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I do atomistic modelling, and use Python to analyze simulation results. To simplify work with a whole bunch of Python scripts used for different tasks, I decided to write simple GUI to run scripts from it.

I have a (rather complex) directory structure beginning from some root (say ~/calc), and I want to populate wx.TreeCtrl control with directories containing calculation results preserving their structure. The folder contains the results if it contains a file with .EXT extension. What i try to do is walk through dirs from root and in each dir check whether it contains .EXT file. When such dir is reached, add it and its ancestors to the tree:

def buildTree(self, rootdir):
    root = rootdir
    r = len(rootdir.split('/'))
    ids = {root : self.CalcTree.AddRoot(root)}
    for (dirpath, dirnames, filenames) in os.walk(root):
        for dirname in dirnames:
            fullpath = os.path.join(dirpath, dirname)
            if sum([s.find('.EXT') for s in filenames]) > -1 * len(filenames):
                ancdirs = fullpath.split('/')[r:]
                ad = rootdir
                for ancdir in ancdirs:
                    d = os.path.join(ad, ancdir)
                    ids[d] = self.CalcTree.AppendItem(ids[ad], ancdir)
                    ad = d

But this code ends up with many second-level nodes with the same name, and that's definitely not what I want. So I somehow need to see if the node is already added to the tree, and in positive case add new node to the existing one, but I do not understand how this could be done. Could you please give me a hint?

Besides, the code contains 2 dirty hacks I'd like to get rid of:

  1. I get the list of ancestor dirs with splitting the full path in \ positions, and this is Linux-specific;

  2. I find if .EXT file is in the directory by trying to find the extension in the strings from filenames list, taking in account that s.find returns -1 if the substring is not found.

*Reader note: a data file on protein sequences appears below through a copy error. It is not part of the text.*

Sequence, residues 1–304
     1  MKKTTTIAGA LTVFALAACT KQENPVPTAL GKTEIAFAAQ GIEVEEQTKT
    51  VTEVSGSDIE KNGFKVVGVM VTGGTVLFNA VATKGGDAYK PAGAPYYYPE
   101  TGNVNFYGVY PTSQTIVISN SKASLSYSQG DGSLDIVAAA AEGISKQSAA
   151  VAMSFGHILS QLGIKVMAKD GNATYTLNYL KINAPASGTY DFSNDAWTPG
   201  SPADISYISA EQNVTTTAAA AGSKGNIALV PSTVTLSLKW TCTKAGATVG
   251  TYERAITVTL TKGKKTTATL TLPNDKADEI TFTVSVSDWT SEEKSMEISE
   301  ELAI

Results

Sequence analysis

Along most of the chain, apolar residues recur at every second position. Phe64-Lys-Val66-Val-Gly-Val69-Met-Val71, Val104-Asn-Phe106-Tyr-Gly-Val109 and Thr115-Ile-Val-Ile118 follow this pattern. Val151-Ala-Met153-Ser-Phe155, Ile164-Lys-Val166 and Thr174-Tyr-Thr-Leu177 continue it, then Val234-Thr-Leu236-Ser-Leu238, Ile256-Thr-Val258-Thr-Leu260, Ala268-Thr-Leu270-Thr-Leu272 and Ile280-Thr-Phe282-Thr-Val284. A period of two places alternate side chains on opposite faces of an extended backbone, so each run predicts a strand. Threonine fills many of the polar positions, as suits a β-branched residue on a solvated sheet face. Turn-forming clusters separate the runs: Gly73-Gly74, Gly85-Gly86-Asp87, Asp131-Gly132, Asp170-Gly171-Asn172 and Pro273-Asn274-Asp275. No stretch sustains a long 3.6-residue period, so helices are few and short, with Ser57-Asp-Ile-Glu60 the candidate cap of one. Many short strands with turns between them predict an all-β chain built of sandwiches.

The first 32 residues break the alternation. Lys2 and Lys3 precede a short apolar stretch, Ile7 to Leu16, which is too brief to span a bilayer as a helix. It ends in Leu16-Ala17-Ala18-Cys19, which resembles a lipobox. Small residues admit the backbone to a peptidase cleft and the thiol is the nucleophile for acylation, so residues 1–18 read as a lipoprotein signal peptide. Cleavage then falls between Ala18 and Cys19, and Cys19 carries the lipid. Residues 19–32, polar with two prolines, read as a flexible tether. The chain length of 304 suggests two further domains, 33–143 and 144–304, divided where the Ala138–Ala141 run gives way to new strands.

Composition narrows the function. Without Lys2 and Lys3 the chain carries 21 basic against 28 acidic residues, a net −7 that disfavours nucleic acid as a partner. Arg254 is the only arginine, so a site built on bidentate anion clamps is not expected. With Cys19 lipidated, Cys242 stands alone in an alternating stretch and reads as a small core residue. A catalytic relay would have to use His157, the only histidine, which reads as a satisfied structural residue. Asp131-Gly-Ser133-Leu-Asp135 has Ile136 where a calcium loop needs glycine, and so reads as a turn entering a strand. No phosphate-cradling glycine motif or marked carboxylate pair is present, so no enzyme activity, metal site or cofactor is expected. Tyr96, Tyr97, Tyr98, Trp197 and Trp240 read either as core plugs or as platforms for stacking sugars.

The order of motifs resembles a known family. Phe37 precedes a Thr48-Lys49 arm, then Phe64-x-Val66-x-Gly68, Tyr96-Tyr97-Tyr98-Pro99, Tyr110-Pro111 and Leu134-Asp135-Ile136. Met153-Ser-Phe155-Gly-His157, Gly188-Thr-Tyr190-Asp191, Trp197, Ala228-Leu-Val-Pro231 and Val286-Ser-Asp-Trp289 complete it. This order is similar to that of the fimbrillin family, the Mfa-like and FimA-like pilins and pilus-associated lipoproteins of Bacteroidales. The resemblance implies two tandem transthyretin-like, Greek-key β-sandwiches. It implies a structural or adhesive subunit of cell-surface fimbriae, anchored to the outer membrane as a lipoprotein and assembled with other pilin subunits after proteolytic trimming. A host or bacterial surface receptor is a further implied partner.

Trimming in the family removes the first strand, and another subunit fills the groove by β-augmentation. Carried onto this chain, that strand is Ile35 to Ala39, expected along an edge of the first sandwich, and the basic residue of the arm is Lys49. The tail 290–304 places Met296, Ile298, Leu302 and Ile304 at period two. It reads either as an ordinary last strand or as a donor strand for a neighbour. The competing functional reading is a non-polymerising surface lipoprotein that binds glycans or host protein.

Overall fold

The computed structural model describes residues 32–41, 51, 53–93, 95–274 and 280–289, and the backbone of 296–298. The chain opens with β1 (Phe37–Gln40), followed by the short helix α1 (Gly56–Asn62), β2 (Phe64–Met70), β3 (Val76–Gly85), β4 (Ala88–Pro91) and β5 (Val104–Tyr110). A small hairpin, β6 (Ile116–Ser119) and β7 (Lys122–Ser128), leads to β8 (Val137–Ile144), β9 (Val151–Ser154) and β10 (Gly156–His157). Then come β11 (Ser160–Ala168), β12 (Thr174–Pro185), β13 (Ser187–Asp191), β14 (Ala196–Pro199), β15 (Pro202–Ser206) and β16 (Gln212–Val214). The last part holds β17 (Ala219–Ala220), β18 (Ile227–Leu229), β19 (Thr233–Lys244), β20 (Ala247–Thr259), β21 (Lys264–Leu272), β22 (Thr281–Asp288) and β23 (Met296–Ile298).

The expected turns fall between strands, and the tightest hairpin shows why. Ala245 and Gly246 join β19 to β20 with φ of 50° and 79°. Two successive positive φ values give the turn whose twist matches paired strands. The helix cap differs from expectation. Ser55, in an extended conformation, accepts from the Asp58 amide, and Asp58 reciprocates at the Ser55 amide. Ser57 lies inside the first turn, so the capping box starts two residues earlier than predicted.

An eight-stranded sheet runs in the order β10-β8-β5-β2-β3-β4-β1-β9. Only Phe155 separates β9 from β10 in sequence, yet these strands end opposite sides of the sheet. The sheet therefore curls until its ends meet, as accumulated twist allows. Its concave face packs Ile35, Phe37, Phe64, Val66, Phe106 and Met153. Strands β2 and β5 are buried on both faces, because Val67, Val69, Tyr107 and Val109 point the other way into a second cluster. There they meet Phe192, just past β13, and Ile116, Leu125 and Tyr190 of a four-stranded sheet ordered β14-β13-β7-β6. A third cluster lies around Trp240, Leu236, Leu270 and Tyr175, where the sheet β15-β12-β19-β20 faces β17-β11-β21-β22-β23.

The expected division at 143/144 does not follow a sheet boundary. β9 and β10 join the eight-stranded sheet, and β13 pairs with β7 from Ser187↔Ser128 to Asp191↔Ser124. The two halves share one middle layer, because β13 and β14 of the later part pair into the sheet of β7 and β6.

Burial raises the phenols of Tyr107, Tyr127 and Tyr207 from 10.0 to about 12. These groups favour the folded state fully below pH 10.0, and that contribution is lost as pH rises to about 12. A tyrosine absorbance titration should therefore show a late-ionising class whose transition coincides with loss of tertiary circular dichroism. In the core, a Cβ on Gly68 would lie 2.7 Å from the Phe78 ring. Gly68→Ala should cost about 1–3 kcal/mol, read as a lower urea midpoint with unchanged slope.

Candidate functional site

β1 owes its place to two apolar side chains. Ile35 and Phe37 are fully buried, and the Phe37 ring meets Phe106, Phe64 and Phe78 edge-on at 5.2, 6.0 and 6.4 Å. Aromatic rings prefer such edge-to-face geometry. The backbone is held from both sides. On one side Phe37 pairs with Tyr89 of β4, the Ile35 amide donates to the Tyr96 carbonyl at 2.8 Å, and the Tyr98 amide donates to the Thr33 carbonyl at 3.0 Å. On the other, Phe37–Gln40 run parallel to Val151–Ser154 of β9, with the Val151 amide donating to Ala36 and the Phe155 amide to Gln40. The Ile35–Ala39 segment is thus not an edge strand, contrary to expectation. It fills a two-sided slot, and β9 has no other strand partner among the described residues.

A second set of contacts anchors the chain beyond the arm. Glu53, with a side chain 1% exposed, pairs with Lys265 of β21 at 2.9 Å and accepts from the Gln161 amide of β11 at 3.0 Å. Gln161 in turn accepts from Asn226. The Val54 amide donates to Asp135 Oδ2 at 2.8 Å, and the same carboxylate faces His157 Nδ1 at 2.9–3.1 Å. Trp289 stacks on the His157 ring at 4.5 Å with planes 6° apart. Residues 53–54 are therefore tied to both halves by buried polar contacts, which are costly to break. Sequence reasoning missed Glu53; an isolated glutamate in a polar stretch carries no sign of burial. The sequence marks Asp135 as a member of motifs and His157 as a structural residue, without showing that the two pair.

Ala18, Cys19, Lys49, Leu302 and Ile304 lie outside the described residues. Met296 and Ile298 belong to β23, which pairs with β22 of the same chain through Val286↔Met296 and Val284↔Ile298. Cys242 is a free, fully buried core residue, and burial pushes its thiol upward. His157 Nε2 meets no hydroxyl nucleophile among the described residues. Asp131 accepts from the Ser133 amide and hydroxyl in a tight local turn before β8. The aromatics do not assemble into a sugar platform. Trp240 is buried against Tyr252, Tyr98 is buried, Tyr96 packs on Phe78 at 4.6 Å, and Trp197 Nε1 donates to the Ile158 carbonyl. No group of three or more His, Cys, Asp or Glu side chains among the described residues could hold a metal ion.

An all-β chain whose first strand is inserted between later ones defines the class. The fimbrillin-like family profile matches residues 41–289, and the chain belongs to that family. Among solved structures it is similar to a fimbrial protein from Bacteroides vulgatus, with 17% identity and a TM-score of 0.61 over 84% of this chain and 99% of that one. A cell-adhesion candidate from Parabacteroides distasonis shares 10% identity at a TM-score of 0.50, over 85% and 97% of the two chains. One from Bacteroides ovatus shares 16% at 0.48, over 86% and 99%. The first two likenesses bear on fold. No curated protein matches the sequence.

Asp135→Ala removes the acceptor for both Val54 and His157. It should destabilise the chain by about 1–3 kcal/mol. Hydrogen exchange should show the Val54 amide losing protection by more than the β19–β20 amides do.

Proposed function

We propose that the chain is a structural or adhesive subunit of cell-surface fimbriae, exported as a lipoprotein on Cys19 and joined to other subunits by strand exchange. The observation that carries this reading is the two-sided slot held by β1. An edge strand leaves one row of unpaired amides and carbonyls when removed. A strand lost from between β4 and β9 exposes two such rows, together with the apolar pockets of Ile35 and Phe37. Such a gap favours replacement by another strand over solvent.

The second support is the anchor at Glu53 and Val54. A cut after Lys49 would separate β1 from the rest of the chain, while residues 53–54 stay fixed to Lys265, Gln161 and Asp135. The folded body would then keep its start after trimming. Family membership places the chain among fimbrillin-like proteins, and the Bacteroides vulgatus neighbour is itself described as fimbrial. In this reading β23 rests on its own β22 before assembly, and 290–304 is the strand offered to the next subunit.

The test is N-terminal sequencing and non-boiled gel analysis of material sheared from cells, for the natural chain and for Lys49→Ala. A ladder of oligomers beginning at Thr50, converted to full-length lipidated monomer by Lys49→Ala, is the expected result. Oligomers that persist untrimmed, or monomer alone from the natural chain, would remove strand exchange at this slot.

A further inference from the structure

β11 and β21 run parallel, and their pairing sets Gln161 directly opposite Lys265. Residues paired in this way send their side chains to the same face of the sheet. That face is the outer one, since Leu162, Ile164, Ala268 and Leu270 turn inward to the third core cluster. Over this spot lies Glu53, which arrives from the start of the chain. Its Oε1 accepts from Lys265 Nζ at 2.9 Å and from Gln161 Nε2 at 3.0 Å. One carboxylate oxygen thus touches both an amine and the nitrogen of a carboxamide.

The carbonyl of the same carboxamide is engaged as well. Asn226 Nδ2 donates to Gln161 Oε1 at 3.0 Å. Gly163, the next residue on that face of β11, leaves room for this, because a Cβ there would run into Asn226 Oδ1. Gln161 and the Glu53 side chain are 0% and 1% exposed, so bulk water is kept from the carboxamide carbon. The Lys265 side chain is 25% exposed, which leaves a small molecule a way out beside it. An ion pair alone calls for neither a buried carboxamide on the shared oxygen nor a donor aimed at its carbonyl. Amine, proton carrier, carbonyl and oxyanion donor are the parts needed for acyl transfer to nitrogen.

Is there a way to make these chunks of code more readable?

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1 Answer 1

up vote 1 down vote accepted

First of all the hacks:

  1. To get the path seperator for whatever os your using you can use os.sep.

  2. Use str.endswith() and use the fact that in Python the empty list [] evaluates to False:

    if [ file for file in filenames if file.endswith('.EXT') ]:

In terms of getting them all nicely nested you're best off doing it recursively. So the pseudocode would look something like the following. Please note this is just provided to give you an idea of how to do it, don't expect it to work as it is!

def buildTree(self, rootdir):
    rootId = self.CalcTree.AddRoot(root)

    self.buildTreeRecursion(rootdir, rootId)

def buildTreeRecursion(self, dir, parentId)
    # Iterate over the files in dir
    for file in dirFiles: 
        id = self.CalcTree.AppendItem(parentId, file) 

        if file is a directory:
            self.buildTreeRecursion(file, id)

Hope this helps!

share|improve this answer
    
Thanks a lot, your code is definitely more readable. As for filling the tree, I thought about recursion, but I don't see the way to use it in this problem as I know whether I need the 1st level directory only having gone all the way down through it. But last night I found the error in my code, so now it works as expected. –  Andrey Sobolev Dec 15 '11 at 5:53

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